“Happy 20th, Screamadelica!”

For me, summer isn’t a good enough reason for a trip, although the 20th anniversary of Screamadelica certainly is.  The UK went all out this March to celebrate Primal...

For me, summer isn’t a good enough reason for a trip, although the 20th anniversary of Screamadelica certainly is.  The UK went all out this March to celebrate Primal Scream’s third LP and what was, earlier this year, ranked as the “Druggiest Album Ever” by NME, with not only a “20th Anniversary Deluxe Edition” of the album but a “20th Anniversary Limited Collector’s Edition” consisting of an “Incredible 12″ circular thermoplastic boxset with lift-off lid and engraved tracklisting on the base, containing 4CDs/DVD/50 page Book/T-shirt/7″Art Cards and a Slipmat.”  The yanks, however, felt no need for such sentimentality.  However, the coolest (in my opinion) memento of the album’s two-decade-birthday is available stateside: Screamadelica Live.

Screamadelica Live hits US shelves today in DVD/CD and Blu-ray formats.  The film captures the band’s first performance of the 1991 album in its entirety (albeit out of order) from London’s Olympia on November 26th of last year.  Backed by videowork by Jim Lambie, a gospel choir, and brass section, it was pretty much the most epic and least lame spectacle of “trippiness” the world has ever seen.

Although the cinematography and editing of Screamadelica Live find themselves somewhere between PBS documentary and projection-camera-operator-at-the-Susquehanna-Bank-Center, the grandiose beauty of the event itself makes any technical specs nearly irrelevant.  Bobby Gillespie takes the stage and soulfully asks “Are you ready to testify?” to an audience the size of a football field (The first of several “odes” to MC5 of the evening.) before delving head-first into “Movin’ On Up,” the band’s psychedelic gospel that just might top “Amazing Grace” in terms of power to enlighten (Don’t kid yourself, Trent.  If there ever was a “Jesus Christ on Ecstasy” it was a Scotsman with a penchant for flares and designer jackets.)  That’s followed by 13th Floor Elevators’ “Slip Inside This House” and the rest of the monumental 1991 album.  Several thousand fans spend the next hour and change attempting to mimic Gillespie’s should-be-trademarked-swagger and gazing longingly toward the band and mouthing lyrics as if hypnotized (or, you know “enhanced”).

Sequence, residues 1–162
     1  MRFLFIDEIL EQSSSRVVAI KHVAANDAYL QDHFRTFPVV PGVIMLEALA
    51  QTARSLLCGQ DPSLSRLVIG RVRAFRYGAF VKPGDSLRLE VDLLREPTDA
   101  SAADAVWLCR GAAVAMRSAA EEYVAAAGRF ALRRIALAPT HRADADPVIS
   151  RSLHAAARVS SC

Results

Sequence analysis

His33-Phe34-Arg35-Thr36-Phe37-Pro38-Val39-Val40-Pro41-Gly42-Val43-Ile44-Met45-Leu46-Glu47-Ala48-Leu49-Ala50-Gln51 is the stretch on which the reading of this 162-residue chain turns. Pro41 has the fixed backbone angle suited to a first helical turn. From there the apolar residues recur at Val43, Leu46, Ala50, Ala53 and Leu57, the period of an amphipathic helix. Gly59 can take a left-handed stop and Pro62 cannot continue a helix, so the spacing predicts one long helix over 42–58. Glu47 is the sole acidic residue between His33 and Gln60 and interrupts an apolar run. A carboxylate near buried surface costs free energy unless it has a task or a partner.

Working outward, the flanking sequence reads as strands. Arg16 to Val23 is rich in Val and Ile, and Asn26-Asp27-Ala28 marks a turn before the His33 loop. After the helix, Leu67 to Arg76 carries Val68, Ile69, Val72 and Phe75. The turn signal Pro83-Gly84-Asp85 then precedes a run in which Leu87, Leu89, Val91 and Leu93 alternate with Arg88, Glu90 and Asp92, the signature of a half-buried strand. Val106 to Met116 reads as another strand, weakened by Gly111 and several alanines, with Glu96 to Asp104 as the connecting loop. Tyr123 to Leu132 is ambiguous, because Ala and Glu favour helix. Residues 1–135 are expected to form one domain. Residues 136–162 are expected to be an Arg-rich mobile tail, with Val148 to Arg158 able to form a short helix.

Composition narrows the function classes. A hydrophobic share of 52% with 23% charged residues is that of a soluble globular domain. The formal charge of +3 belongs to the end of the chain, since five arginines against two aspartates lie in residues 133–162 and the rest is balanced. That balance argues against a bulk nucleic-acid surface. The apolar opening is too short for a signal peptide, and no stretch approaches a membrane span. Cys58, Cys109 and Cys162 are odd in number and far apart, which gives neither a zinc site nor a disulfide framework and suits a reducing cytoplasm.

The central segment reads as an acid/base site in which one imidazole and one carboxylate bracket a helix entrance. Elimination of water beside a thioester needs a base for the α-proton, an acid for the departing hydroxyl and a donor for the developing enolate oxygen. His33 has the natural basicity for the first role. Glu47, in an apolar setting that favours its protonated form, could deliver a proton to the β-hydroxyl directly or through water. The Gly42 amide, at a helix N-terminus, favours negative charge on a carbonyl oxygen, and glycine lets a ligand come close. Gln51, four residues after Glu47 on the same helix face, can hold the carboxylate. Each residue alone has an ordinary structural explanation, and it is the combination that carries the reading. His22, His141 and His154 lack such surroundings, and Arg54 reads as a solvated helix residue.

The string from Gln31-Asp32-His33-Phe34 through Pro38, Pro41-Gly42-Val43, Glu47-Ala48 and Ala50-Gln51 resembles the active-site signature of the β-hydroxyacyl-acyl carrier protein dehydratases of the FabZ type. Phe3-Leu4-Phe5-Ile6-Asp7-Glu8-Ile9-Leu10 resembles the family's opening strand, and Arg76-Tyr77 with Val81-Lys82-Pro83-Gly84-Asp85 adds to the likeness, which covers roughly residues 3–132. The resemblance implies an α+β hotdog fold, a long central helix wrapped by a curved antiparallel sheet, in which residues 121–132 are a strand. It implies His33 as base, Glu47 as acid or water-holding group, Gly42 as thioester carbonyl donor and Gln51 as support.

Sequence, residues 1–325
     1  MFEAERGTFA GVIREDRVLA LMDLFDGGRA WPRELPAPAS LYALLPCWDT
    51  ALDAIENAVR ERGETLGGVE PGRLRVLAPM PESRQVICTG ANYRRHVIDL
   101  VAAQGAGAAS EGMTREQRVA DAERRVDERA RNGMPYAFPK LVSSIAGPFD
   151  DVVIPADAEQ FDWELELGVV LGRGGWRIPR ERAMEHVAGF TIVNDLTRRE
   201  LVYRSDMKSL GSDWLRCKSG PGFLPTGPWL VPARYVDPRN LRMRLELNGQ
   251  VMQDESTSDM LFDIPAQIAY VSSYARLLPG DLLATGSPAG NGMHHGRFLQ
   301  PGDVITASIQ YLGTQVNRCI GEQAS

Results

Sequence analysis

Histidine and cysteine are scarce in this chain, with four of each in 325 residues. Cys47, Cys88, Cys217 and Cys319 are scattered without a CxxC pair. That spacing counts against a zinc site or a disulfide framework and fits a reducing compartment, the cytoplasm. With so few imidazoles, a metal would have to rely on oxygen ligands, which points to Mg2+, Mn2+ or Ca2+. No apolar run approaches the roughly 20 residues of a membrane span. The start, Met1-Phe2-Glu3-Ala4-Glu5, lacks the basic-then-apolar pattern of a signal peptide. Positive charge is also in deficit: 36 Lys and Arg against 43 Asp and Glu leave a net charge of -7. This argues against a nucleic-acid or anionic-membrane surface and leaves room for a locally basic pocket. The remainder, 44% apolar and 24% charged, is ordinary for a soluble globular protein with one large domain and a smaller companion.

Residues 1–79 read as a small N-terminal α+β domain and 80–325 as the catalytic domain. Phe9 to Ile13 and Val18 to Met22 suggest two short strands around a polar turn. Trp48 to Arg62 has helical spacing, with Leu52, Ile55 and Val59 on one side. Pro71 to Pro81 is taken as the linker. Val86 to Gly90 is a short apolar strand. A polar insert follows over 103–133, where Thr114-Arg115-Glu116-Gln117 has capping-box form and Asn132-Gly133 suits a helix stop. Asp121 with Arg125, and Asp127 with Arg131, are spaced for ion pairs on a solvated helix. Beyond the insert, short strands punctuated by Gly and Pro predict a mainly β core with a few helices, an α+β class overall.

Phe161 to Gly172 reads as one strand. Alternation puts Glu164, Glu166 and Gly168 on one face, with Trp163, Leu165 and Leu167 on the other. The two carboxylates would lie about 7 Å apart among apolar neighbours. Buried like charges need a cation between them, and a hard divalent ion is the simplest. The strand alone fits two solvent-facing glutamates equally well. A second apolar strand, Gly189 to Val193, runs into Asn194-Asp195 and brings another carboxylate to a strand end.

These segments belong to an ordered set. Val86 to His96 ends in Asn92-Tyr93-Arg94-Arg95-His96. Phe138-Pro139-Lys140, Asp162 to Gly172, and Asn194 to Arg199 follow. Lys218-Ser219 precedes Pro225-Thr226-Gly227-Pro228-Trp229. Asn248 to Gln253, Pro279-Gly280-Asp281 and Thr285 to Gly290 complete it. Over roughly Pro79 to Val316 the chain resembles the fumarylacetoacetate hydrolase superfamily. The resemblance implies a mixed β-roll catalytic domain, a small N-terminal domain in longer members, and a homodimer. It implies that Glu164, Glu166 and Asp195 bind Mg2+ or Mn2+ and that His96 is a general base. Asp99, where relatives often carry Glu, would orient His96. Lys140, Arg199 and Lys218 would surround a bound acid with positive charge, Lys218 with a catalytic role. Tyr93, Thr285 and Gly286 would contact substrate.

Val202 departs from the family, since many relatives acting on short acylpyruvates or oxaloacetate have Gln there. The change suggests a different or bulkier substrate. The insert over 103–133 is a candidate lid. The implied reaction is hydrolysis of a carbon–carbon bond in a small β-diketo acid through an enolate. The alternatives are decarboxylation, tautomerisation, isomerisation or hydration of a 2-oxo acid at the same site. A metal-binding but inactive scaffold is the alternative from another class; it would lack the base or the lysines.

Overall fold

So yeah, I’m as tired as anyone else of this whole playing-an-entire-album thing, but trust me, this is totally worth geeking out over.  Plus, if you’re more into the band’s later, Mick Thunders period (the band themselves surely are), the DVD also includes a “Rock and Roll Set,” featuring 8 of their far sleazier anthems, like “Country Girl” and “Swastika Eyes.”  Additionally, the DVD edition also features an audio CD of the band performing Screamadelica Live and the Blue-ray version includes a “Classic Albums” doc about the recording of Screamadelica.  So if you’re anything like me and you loathe “vacationing,” family, nature, and sun, grab a handful of psychedelics, stick on Screamadelica Live and…

a) “Trip inside this house.”

b) “Don’t Fight It, Feel It”

c) get “Higher Than the Sun.”

d) “Shine like stars.”

* Pretty much every song on the album provides a suitable euphemism for musical and pharmaceutical gratification, so take your pick.


During the day Izzy Cihak teaches transgression, subversion, and revolution at Temple University. At night he haunts Philthy's best venues to cover worthwhile acts for Philthy Mag. Morrissey is everything to him and, in their own heads, all of his friends see themselves as Zooey Deschanel.